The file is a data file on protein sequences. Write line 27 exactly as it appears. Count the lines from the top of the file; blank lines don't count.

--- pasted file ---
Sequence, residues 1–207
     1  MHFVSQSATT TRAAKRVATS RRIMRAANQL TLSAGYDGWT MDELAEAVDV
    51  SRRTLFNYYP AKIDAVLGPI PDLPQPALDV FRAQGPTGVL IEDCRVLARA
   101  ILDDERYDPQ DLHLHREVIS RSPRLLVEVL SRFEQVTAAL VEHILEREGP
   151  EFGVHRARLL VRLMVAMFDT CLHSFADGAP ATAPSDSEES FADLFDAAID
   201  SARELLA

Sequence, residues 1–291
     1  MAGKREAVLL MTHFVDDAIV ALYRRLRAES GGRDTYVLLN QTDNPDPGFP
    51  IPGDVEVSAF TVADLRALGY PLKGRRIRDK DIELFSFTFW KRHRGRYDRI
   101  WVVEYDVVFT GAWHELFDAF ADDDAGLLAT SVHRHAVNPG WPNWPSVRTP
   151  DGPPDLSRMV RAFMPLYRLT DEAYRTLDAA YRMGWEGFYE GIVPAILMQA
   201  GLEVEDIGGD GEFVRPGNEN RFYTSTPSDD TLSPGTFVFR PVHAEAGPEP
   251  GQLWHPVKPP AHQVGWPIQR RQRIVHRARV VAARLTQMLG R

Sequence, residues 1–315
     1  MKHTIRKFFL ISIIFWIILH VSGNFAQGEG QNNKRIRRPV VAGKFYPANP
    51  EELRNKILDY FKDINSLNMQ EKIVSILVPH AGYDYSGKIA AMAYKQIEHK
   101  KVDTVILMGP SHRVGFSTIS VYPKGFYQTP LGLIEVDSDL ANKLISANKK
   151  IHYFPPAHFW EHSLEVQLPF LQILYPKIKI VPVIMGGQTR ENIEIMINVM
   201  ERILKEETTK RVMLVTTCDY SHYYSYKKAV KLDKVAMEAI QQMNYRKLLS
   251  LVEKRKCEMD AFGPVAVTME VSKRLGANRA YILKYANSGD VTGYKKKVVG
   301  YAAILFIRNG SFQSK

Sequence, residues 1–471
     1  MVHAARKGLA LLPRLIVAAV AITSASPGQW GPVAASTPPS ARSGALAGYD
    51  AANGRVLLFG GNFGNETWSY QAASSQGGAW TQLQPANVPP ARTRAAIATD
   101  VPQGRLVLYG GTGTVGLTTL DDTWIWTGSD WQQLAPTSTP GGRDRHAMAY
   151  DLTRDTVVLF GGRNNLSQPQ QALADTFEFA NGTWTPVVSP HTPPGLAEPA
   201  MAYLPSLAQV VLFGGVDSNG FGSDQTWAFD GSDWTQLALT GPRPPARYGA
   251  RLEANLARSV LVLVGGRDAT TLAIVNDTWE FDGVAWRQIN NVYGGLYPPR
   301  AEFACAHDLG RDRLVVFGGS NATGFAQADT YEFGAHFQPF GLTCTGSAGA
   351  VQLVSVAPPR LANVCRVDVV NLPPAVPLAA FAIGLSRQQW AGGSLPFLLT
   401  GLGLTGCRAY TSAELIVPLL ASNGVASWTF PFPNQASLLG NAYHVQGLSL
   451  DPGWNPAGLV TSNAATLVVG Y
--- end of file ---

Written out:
   201  MAYLPSLAQV VLFGGVDSNG FGSDQTWAFD GSDWTQLALT GPRPPARYGA